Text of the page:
- NASA astronomer and science communicator Michelle Thaller explains how scientific discovery has changed the search for God, and that religion may be something that happens between people, if they choose, rather than out there in the cosmos.
- It's not a miracle that Earth is the perfect incubator for human life—we were created by the laws of the universe, and in those laws we can find great beauty and belonging.
Join multiple Tony and Emmy Award-winning actress Judith Light live on Big Think at 2 pm ET on Monday.
Frequent shopping for single items adds to our carbon footprint.
- A new study shows e-commerce sites like Amazon leave larger greenhouse gas footprints than retail stores.
- Ordering online from retail stores has an even smaller footprint than going to the store yourself.
- Greening efforts by major e-commerce sites won't curb wasteful consumer habits. Consolidating online orders can make a difference.
A pile of recycled cardboard sits on the ground at Recology's Recycle Central on January 4, 2018 in San Francisco, California.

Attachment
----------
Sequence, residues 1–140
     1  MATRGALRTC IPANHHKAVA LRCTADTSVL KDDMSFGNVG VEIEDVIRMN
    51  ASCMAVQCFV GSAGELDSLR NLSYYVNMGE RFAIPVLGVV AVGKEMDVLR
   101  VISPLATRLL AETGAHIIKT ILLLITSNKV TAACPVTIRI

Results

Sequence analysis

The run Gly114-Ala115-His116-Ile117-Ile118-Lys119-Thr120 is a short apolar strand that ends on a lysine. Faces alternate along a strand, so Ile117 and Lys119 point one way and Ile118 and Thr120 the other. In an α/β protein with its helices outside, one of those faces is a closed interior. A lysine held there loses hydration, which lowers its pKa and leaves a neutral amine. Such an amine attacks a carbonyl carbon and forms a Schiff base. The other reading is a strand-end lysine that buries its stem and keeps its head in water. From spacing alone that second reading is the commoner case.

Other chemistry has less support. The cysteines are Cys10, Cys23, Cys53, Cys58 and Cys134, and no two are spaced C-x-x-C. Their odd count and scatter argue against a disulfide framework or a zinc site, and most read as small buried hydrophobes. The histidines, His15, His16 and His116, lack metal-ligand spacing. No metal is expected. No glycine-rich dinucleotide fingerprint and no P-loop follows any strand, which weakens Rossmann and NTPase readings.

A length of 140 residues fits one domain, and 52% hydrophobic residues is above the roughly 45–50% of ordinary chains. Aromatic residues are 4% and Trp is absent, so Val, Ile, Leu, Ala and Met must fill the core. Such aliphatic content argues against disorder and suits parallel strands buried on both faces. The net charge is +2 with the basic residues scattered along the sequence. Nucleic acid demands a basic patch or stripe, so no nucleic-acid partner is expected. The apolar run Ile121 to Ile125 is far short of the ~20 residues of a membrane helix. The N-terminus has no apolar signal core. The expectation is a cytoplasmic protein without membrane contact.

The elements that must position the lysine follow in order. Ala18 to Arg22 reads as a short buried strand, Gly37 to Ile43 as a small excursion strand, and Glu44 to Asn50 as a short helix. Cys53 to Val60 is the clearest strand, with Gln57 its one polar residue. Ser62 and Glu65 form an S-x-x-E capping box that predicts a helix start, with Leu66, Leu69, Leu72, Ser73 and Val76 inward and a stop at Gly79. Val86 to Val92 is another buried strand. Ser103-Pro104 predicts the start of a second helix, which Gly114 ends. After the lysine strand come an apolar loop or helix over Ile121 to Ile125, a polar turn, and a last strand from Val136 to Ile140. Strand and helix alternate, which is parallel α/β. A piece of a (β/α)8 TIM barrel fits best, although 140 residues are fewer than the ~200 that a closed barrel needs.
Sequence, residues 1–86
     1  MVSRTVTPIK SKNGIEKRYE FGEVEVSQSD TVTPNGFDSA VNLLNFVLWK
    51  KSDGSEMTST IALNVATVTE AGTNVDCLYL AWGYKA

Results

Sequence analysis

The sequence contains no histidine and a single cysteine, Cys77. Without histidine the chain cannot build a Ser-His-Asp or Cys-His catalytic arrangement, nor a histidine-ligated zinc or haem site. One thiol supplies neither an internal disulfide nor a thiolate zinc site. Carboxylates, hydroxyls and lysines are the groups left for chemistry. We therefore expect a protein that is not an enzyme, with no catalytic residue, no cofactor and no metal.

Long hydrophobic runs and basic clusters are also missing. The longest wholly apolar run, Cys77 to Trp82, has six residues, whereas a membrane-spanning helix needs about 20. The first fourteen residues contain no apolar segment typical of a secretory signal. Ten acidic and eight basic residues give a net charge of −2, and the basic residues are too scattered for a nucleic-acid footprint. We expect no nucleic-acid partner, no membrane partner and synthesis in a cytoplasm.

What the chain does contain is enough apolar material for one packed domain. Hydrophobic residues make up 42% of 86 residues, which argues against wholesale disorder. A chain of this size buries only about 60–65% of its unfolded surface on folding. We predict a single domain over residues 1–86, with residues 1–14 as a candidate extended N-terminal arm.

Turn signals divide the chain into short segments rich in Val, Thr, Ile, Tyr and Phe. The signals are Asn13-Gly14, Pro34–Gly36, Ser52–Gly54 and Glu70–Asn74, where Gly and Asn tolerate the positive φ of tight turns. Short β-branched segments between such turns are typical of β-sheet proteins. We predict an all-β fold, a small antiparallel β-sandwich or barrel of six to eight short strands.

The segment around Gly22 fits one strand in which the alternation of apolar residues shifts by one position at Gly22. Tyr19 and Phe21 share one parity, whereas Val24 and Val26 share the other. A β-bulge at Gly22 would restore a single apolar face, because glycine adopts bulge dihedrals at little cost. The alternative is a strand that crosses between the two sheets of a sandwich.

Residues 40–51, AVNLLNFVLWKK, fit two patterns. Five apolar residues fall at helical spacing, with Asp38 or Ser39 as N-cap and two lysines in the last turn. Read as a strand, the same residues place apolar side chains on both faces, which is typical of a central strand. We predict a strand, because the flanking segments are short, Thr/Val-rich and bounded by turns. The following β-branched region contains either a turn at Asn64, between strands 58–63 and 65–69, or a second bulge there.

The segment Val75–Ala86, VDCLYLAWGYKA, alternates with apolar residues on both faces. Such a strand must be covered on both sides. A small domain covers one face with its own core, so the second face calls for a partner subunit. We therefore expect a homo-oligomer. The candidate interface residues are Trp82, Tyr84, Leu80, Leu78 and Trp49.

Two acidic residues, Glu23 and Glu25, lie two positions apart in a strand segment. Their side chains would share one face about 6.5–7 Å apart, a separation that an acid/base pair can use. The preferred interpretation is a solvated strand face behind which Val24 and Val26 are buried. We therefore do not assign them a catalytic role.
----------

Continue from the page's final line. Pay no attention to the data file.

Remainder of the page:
Photo by Justin Sullivan/Getty Images<p>A large part of the reason is speed. In a competitive market, pure players use the equation, <em>speed + convenience</em>, to drive adoption. This is especially relevant to the "last mile" GHG footprint: the distance between the distribution center and the consumer.</p><p>Interestingly, the smallest GHG footprint occurs when you order directly from a physical store—even smaller than going there yourself. Pure players, such as Amazon, are the greatest offenders. Variables like geographic location matter; the team looked at shopping in the UK, the US, China, and the Netherlands. </p><p>Sadegh Shahmohammadi, a PhD student at the Netherlands' Radboud University and corresponding author of the paper, <a href="https://www.cnn.com/2020/02/26/tech/greenhouse-gas-emissions-retail/index.html" target="_blank">says</a> the above "pattern holds true in countries where people mostly drive. It really depends on the country and consumer behavior there."</p><p>The researchers write that this year-and-a-half long study pushes back on previous research that claims online shopping to be better in terms of GHG footprints.</p><p style="margin-left: 20px;">"They have, however, compared the GHG emissions per shopping event and did not consider the link between the retail channels and the basket size, which leads to a different conclusion than that of the current study."</p><p>Online retail is where convenience trumps environment: people tend to order one item at a time when shopping on pure player sites, whereas they stock up on multiple items when visiting a store. Consumers will sometimes order a number of separate items over the course of a week rather than making one trip to purchase everything they need. </p><p>While greening efforts by online retailers are important, until a shift in consumer attitude changes, the current carbon footprint will be a hard obstacle to overcome. Amazon is trying to have it both ways—carbon-free and convenience addicted—and the math isn't adding up. If you need to order things, do it online, but try to consolidate your purchases as much as possible.</p><p>--</p><p><em>Stay in touch with Derek on <a href="http://www.twitter.com/derekberes" target="_blank">Twitter</a>, <a href="https://www.facebook.com/DerekBeresdotcom" target="_blank">Facebook</a> and <a href="https://derekberes.substack.com/" target="_blank">Substack</a>. His next book is</em> "<em>Hero's Dose: The Case For Psychedelics in Ritual and Therapy."</em></p>